^ illustrated form of the invention this last mentioned compartment opening member takes the form of a cord or like strand 6 which has a loop `I encircling aside ilap 8 on one edge of the bag .3, one end of the strand S extending outwardly through a filling slit or opening 9 in thebag I through which water may be poured when de,- sired. Thus by pulling on the strand 6, the bag 3 will be torn open and the bag I may then be kneaded to mix the constituents thoroughly and promote chemical interaction between them.
While the bag is in storage andprior to use. the chemical constituents are thus effectively segregated from each other so that no premature chemical interaction takes place between them, bag 3 being preferably of impervious material such as glacine paper above mentioned, which effectively seals o its contents, but `the division wall between the two compartments may be readily destroyed, and the ingredients mixed by the user without breaking or otherwise impairing the emcacy of the outer bag I.' A
Heat bags of the above described characterA will Lft usually be sold as complete articles of manufacture, suitable for use as reillls in separate larger envelopes, and will also be sold in conjunction with such larger envelopes, a fresh heat bag such as is above described being substituted as needed.
While a specific embodimentl of the invention has been disclosedit should be understood that from the standpoint of the invention in its broader aspects, many changes may be made therein without departing from the invention, within the scope of they appended claims. i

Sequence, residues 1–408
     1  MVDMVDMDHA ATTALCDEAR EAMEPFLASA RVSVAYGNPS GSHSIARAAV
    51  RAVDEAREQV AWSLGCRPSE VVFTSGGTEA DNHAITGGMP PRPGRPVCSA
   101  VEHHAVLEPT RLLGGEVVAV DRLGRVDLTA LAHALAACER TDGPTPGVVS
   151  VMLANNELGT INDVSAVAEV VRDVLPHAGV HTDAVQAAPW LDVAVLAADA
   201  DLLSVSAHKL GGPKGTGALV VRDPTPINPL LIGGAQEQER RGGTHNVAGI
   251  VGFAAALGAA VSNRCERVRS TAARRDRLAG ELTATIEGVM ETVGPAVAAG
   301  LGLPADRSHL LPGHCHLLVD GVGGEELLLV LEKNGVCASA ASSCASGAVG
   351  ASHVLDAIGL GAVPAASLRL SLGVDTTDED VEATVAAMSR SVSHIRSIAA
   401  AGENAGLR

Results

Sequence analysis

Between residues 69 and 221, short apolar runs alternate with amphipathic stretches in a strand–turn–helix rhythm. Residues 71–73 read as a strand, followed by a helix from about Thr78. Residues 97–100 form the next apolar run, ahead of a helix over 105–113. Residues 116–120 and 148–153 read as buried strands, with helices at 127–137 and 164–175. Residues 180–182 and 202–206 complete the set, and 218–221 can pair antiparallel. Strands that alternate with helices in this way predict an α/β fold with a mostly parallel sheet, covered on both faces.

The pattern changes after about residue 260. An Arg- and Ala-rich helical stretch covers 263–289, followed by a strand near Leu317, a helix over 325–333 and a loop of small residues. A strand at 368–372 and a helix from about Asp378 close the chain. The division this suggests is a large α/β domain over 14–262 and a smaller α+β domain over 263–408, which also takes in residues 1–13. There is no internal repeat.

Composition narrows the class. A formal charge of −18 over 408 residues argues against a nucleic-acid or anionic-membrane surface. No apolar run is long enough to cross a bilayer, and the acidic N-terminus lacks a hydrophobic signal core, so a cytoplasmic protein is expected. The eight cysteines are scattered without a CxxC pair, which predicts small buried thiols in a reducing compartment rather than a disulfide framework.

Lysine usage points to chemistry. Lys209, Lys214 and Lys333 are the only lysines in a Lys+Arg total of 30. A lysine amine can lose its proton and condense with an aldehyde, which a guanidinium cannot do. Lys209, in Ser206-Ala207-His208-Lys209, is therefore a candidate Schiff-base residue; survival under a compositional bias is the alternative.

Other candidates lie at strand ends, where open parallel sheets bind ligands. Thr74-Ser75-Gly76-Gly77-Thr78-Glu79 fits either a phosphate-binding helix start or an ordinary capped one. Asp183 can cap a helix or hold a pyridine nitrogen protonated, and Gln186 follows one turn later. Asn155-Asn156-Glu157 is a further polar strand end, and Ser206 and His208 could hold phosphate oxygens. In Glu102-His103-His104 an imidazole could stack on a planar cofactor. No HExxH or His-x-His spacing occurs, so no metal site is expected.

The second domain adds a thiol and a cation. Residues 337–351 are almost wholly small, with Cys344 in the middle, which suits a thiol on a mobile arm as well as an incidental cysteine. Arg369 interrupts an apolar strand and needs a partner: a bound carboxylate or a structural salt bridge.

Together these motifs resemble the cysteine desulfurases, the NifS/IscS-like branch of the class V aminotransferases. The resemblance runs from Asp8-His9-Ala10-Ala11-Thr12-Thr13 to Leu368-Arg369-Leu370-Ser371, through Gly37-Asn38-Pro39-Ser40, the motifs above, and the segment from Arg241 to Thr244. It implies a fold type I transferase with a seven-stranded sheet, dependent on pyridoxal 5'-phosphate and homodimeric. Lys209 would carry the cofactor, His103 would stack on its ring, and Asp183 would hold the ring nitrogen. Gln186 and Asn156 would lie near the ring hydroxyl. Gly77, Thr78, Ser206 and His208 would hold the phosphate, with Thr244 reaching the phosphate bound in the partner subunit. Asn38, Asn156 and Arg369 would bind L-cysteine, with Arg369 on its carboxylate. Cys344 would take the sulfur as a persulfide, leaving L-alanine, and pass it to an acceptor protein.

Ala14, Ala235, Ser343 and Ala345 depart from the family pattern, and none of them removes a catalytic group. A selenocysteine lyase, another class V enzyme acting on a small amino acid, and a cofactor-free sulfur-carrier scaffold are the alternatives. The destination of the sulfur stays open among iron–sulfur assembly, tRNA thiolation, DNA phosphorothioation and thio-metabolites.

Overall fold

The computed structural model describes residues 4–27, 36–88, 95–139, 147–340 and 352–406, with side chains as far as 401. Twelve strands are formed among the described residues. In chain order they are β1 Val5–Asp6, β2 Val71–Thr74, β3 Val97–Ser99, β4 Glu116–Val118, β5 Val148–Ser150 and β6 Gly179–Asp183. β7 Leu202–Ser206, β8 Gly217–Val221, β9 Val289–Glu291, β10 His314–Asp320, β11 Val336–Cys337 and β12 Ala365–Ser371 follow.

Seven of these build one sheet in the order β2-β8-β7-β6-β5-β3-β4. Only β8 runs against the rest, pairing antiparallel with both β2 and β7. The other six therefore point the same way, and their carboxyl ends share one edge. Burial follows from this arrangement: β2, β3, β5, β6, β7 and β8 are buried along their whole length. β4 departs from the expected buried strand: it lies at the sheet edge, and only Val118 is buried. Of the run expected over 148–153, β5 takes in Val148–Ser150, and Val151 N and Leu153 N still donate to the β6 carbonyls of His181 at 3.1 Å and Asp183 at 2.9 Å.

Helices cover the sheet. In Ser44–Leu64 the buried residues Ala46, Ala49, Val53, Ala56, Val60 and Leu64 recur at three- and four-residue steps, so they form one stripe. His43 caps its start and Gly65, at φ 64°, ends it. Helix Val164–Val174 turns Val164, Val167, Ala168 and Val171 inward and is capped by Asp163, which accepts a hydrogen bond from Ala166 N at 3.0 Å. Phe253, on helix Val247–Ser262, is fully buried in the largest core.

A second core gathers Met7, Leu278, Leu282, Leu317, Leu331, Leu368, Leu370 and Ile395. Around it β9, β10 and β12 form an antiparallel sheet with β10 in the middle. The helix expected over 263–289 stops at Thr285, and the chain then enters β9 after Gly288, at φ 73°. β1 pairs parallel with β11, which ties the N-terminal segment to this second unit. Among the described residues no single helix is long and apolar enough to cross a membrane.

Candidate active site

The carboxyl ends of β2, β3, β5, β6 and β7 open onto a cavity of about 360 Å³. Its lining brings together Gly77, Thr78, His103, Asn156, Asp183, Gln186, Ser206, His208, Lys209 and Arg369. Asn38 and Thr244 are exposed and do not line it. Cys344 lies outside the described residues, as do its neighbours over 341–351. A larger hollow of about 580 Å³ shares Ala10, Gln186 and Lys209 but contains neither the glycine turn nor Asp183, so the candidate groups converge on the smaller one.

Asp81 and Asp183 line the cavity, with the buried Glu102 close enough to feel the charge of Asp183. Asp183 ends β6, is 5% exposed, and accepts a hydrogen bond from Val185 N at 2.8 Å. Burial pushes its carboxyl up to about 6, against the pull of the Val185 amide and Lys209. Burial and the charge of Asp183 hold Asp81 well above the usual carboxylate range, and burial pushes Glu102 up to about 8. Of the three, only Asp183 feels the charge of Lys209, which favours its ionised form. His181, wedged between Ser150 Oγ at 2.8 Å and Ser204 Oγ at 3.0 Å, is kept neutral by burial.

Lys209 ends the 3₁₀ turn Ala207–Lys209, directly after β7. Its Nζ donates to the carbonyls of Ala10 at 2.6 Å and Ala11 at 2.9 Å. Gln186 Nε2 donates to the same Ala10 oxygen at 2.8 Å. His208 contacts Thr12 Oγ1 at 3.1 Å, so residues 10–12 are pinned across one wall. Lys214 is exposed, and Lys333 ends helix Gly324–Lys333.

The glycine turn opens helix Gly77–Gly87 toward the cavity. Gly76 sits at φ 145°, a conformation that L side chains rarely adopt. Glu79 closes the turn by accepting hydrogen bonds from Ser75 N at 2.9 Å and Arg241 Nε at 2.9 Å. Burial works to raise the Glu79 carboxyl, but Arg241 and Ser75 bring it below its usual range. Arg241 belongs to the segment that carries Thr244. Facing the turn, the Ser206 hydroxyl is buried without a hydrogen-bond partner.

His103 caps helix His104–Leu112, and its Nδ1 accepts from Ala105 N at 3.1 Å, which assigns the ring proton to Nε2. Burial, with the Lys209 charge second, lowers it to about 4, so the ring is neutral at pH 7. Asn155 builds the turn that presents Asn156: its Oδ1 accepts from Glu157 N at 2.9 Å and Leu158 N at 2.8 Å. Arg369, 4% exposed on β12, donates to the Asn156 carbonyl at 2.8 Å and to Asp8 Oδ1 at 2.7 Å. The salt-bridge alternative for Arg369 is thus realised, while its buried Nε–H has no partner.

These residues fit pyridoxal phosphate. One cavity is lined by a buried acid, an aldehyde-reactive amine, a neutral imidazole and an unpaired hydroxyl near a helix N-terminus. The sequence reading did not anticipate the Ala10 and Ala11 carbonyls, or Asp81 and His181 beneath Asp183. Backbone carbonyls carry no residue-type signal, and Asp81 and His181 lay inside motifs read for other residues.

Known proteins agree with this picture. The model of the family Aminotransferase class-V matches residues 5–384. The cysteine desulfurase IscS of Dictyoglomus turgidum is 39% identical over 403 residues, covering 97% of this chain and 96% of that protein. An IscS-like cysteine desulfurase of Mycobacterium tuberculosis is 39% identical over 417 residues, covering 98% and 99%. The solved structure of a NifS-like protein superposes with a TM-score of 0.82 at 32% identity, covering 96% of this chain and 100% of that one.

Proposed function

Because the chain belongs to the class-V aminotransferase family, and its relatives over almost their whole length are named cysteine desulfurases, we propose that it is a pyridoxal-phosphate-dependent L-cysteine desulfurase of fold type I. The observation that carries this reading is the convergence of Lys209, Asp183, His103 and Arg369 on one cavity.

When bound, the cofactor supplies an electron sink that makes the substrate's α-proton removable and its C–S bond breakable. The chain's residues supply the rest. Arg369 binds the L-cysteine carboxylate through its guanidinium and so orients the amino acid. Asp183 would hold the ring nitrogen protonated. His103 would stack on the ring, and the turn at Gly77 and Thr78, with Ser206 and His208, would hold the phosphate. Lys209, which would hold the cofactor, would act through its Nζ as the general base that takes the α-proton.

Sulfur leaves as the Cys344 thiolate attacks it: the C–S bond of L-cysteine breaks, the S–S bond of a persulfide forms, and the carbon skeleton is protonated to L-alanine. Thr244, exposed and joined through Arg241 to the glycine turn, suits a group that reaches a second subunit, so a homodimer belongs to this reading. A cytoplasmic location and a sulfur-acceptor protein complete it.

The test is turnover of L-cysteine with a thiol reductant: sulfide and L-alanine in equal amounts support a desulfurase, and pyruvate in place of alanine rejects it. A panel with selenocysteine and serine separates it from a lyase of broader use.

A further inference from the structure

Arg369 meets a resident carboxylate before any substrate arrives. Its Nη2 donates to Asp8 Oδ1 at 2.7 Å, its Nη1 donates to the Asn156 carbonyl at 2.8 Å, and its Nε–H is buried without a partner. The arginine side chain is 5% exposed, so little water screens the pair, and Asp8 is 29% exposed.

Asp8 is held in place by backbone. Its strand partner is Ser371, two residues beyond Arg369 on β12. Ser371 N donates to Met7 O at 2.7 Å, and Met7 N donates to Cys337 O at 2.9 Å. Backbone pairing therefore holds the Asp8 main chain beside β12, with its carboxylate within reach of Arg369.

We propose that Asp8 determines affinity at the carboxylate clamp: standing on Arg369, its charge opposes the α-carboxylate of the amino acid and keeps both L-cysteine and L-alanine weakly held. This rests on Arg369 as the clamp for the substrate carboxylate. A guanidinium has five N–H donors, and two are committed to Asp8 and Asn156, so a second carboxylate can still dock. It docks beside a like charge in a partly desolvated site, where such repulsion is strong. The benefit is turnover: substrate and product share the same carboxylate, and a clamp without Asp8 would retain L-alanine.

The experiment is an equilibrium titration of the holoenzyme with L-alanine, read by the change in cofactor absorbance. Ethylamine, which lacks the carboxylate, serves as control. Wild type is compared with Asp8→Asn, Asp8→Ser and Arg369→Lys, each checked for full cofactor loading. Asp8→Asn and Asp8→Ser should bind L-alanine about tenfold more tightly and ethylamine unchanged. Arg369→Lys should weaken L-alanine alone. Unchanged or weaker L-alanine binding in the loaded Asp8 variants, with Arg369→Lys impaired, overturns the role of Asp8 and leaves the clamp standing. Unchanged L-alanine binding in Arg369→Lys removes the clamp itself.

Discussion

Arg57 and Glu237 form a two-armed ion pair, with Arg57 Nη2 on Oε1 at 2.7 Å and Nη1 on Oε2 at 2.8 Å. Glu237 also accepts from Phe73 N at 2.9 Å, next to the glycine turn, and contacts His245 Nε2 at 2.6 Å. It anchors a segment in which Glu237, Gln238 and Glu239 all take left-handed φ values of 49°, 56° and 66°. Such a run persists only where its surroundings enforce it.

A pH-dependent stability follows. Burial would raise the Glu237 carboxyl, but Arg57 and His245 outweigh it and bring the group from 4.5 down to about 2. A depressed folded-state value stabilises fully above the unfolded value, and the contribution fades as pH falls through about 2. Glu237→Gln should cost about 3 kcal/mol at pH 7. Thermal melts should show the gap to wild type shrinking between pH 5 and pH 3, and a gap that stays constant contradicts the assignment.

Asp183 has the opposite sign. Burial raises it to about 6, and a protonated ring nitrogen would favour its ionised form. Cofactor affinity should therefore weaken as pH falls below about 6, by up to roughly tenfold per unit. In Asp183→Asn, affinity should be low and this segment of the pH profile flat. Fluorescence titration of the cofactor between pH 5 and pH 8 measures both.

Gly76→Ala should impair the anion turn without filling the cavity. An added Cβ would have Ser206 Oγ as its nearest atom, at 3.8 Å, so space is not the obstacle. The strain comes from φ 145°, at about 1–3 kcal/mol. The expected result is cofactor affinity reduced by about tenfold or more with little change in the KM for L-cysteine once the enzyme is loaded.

l. A heat bag of the character described including an envelope of canvas or the like having therein a compartment containing one ingredient 'of a heat productive chemical mixture in granular form, and a bag of paper or the like contained within said envelope, said bag containing another ingredient of such a heat productive mixture in granular form, and said bag being constructed and arranged to be readily frangible by the user to enable said ingredients to be mixed within said envelope.
2. A heat bag of the character described including an envelope of flexible fabric having therein separate iiexible' walled compartments, one of said compartments containing one ingredient of .a heat productive chemical mixture in granular form, and the other compartment con'- taining another ingredient of such a heat productive mixture in granular form, said heat bag including a exible partition between said lcompartments which is constructed and arranged to be readily frangible by the user, said partition being constructed and arranged to afford communication between saidcompartments when broken, and thereby enable said ingredients to be mixed within the ilexible envelope.
3. A heat bag of the character described including an envelope of canvas or the like having therein a compartment containing one ingredient of a heat productive chemical mixture in granular form, and a bag of paper or the like contained within said envelope, said bag containing another ingredient of such a heat productive mixture in granular form, and said bag being constructed and arranged to be readily frangible by the user to enable said ingredients to be mixed within said envelope, said envelope having a llingopening therein communicating with said irst mentioned compartment, and a tearing member engaging said bag and extending outwardly through said illling opening.
' WILLIAM H. FOSTER.